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Department of Transportation to Establish New Rules to Ensure Safety of Oil Rail TankersSalem-News.com Staff
The proposed new regulations would extend those precautions to all trains carrying 20 or more tank carloads of either crude or ethanol.
(WASHINGTON, D.C.) - After months of pressure by Oregon’s Senator Jeff Merkley, other legislators, and advocates around the country, U.S. Secretary of Transportation Anthony Foxx announced Wednesday that the Department of Transportation will take steps to establish new regulations to improve the safe transportation of crude oil by rail.
Since the release of an emergency order by DOT in May setting transportation safety standards of Bakken crude by rail, Senator Merkley has called for better notification to state and local first responders of not only Bakken crude, but all flammable substances being transported by rail.
Much of the crude oil currently traveling through Oregon by rail is coming from regions outside the Bakken and is therefore currently not covered by the emergency order.
The proposed new regulations would extend those precautions to all trains carrying 20 or more tank carloads of either crude or ethanol. It would potentially mandate safer tank cars and set restrictions on train speed.
“Oil trains pose significant risks, and Wednesday’s announcement is a step in the right direction toward preventing potential future disasters and keeping our rails and communities safe,” Merkley said. “I am concerned, however, that the proposed rules fail to provide adequate information to emergency responders and local governments. More work needs to be done. I look forward to continuing to work with Secretary Foxx to ensure that oil is shipped using the best methods available. Oregonians and other Americans shouldn’t have to worry that trains coming through their towns are rolling explosion hazards.”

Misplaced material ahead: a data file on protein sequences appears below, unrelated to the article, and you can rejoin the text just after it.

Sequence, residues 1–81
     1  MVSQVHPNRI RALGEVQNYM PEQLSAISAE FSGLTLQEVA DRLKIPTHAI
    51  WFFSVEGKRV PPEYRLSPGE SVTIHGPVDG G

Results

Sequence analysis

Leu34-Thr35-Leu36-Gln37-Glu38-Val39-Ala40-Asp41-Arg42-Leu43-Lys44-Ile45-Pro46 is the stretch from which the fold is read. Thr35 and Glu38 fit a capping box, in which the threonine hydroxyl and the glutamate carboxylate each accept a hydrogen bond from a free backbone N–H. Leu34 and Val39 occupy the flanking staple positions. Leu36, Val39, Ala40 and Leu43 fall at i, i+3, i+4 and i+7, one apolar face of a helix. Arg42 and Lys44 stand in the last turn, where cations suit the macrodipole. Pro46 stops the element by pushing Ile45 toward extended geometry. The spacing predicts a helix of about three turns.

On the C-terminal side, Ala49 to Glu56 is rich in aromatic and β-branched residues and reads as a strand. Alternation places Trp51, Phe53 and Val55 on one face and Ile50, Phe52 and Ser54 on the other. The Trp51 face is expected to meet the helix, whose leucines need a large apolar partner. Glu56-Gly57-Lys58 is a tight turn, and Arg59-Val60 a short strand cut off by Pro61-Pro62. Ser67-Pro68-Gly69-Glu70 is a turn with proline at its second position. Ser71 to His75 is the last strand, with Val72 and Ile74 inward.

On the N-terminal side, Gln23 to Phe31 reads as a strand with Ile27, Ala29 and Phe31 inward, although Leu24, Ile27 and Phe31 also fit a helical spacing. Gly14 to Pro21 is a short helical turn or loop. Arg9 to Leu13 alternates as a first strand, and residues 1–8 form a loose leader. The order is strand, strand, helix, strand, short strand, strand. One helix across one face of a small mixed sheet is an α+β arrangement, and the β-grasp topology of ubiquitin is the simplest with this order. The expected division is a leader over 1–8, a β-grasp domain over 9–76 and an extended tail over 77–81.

Last year, more than 11 million barrels of oil were transported by rail through Oregon, compared to almost 3 million barrels in 2012 – an increase of about 250 percent. Crude-by-rail shipments have risen rapidly, and North American rail networks are now crowded with oil trains crisscrossing the continent, passing through communities like Lac Megantic, near Quebec, where 47 people died from an oil train explosion last year. In just the past year there have been four oil train accidents involving a total of 126 individual tank cars.
Secretary Foxx announced that DOT will open up a 60-day public comment period to allow input on its proposed rules.
Sen. Ron Wyden, D-Ore., issued the following statement on the Department of Transportation’s proposed oil train safety rules.
“This package includes some good elements, but I urge DOT to strengthen notification of first responders for oil trains moving through their communities and move this proposal quickly to the next stage,” Wyden said. “The failure to broaden notification requirements is especially baffling since the DOT’s proposal would classify all oil and ethanol shipments as ‘high-hazard flammable trains,’ yet would only require railroads to provide advance notification to first responders when that oil originates in the Bakken.”
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